@ Absent Minded Mormon"And Conservatives can [sic] seem to understnad
[sic]why we Liberals go around trying to protect these sorts of things."Yes, Conservatives want to confine criminals and leave nature free for
everyone to enjoy. You Liberals want to restrict nature and let criminals free
for everyone to enjoy. Do you honestly believe you can fence off every
dinosaur track, petro glyph and rock formation? Yeah, I guess you do. And
that's what we Conservatives can't seem to understand.
Similar mentality of the "Goblin Topplers".
I'm working with some folks to launch a massive social media campaign to
get the word out and hopefully ferret out the jokers that took the track. If
you have FB or Twitter, please repost this article and the other KSL articles on
your FB, asking anyone with any info to contact the BLM. People need to stop
stealing away our history and our public right to enjoy the things this earth
gives us as gifts. No politics, no left/right- just my kids being able to check
out cool pieces of our natural history in its true setting. Thanks!
Maybe I'm stupid, but if it was so valuable, then why didn't the state
professionally extract the print and put it safely where it could be seen and
studied for generations? It was just a matter of time before this was stolen.
As for being able to sell it. I'm sure that the transaction was done
before the print was stolen.
"The fossils are protected under federal law, so the person who stole the
track could face civil and criminal penalties, which could include fines or a
jail sentence."Ya think? They "could" face.....If
caught, they will face......Just a shame that someone thinks they
are above the law. This is that entitlement society we live in. People
don't care, and if caught, they will argue like crazy that it was for some
reason they did it. Won't make sense, but they will have a great story and
try to blame someone else. Just like Goblin Valley.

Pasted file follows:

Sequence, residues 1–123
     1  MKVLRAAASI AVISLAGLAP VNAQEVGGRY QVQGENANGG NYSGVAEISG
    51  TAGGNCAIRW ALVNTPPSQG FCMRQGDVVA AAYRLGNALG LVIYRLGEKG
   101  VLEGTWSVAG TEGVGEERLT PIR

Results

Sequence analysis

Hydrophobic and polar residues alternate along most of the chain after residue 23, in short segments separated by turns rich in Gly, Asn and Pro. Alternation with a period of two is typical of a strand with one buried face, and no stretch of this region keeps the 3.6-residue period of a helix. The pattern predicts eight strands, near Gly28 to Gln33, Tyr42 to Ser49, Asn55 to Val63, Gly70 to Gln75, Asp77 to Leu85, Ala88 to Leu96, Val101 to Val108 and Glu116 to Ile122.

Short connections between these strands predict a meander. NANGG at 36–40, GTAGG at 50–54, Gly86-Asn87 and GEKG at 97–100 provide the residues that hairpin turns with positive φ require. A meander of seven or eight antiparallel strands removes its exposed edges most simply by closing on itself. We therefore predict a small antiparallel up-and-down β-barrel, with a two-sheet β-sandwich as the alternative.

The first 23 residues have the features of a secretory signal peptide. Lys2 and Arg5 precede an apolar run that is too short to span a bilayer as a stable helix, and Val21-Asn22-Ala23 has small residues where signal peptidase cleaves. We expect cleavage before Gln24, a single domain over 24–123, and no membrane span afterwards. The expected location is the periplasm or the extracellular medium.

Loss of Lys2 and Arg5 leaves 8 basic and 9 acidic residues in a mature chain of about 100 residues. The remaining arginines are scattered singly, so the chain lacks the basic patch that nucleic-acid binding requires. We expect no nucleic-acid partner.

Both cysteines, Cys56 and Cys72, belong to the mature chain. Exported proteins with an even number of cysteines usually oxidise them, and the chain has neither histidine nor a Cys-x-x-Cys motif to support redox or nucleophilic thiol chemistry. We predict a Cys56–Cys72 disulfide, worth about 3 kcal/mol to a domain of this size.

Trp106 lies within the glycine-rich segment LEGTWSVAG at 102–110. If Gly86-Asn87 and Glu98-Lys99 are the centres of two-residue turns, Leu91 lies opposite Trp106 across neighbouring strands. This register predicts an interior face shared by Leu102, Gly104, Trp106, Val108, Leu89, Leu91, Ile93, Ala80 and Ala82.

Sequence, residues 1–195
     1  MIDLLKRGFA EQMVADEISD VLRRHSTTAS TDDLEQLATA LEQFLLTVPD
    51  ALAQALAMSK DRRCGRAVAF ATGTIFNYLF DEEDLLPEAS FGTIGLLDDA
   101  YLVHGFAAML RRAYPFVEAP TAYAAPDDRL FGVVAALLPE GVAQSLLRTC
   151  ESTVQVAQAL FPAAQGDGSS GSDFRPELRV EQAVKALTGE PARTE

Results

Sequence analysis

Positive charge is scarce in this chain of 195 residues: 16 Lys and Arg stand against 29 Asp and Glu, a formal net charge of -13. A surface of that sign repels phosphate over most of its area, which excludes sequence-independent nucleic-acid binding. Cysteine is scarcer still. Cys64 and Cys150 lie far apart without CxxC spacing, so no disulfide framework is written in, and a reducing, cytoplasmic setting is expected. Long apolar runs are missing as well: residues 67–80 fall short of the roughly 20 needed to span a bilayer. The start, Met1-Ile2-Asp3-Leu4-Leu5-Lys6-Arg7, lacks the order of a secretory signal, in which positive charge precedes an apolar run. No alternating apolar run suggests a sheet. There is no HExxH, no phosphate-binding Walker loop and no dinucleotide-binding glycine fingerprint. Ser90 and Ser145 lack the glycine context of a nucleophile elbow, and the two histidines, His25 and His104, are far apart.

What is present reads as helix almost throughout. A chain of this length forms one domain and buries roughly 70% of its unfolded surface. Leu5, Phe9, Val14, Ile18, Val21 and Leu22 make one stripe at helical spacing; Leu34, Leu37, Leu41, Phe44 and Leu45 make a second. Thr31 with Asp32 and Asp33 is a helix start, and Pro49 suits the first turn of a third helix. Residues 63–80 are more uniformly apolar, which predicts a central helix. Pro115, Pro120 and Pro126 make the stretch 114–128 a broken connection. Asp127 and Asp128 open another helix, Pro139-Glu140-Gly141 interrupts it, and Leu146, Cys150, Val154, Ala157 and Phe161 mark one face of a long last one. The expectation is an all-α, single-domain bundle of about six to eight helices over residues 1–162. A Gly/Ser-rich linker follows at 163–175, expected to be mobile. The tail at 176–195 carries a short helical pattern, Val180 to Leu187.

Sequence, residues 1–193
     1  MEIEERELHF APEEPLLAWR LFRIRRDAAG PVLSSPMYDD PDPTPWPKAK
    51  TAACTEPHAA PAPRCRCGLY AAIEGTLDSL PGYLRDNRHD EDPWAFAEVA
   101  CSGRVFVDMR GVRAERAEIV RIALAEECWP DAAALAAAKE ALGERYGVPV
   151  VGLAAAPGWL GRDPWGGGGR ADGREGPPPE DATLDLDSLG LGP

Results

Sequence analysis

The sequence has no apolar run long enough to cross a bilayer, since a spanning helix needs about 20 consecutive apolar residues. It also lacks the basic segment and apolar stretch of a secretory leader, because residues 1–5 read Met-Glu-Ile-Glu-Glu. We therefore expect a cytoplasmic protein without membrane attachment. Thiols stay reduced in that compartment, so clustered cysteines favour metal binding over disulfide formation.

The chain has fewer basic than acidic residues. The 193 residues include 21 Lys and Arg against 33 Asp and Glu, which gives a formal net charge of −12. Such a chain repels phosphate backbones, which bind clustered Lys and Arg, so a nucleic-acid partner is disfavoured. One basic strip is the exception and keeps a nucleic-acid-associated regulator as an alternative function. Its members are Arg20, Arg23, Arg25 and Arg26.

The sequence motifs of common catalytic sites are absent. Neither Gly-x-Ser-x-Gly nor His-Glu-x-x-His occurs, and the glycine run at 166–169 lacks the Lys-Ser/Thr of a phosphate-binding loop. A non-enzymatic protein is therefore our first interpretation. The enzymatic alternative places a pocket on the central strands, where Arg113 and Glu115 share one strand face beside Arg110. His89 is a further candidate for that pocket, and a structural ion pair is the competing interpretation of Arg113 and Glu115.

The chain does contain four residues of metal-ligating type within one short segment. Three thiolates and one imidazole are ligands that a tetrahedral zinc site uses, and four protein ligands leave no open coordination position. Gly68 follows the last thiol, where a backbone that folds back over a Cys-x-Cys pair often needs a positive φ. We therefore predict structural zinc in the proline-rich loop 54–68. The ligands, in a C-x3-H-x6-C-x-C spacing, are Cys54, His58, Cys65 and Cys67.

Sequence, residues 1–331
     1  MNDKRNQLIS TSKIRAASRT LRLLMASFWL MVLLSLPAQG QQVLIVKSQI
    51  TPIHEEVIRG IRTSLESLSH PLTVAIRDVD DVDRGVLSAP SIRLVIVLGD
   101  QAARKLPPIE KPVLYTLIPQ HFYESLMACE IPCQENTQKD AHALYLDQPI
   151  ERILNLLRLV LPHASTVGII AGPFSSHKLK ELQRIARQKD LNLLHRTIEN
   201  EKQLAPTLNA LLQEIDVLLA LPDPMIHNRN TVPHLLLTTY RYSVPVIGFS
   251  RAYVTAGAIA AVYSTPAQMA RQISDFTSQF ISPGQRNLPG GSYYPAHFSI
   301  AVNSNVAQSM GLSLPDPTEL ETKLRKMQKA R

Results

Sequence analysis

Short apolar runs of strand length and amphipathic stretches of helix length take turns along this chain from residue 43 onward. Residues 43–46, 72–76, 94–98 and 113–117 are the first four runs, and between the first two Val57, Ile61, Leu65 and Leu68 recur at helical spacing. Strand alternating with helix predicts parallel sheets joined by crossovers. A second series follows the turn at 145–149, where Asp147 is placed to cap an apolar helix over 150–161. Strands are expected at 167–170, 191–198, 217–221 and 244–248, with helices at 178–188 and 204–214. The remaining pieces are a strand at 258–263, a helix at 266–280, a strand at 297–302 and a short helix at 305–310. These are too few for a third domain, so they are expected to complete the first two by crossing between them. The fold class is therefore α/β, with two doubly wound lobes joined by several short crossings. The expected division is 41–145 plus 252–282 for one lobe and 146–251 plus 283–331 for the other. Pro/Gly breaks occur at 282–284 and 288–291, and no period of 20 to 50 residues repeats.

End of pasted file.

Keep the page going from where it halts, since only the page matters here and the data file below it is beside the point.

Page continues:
Dinosaur tracks are found on the ceilings of the coal mines in carbon county
Utah.The continuous mining machines nowadays chew them up as they
go.But before this mining technology, the dinosaur tracks were
easily extracted by miners without damage and sit on their fireplace hearths and
porch steps. The one I saw was at least 2 feet in diameter with 3 toes.
Anything for a buck?Only an idiot would try to sell that artifact. It
would be like trying to fence a stolen Stradivarius.
I am not sure what value someone would find in an ancient dinosaur track. If
they tried to sell it, eventually they would be caught. If they want to put it
on display, eventually someone would report it and they would be found. About
the only thing you could do is lock it up secretly and never tell anyone else
that you had it. I am happy to see that open-minded people can acknowledge that
liberals and conservatives both understnad the value of protecting national
And Conservatives can seem to understnad why we Liberals go around trying to
protect these sorts of things.Anything for buck, business is
business, You can buy anything in this world, with money -- yeh Neo-Cons?
We cannot possibly lock down every rock in the wilderness. Such a level of
regulation would defeat the very purpose. It is sad indeed that not all
wilderness users seem to understand that natural features of wild lands are
something to be cherished and preserved, for everyone. But there seems to be a
thriving black market for collectibles.Far more productive than
initiating ever more government regulation, perhaps it would be prudent to
direct more energy to education and teaching, to promulgate respect and
reverence for the wonders of nature.
This is so sad and unfortunate. Added to what happened in Goblin Valley by the
boy scouts, we are losing a great heritage.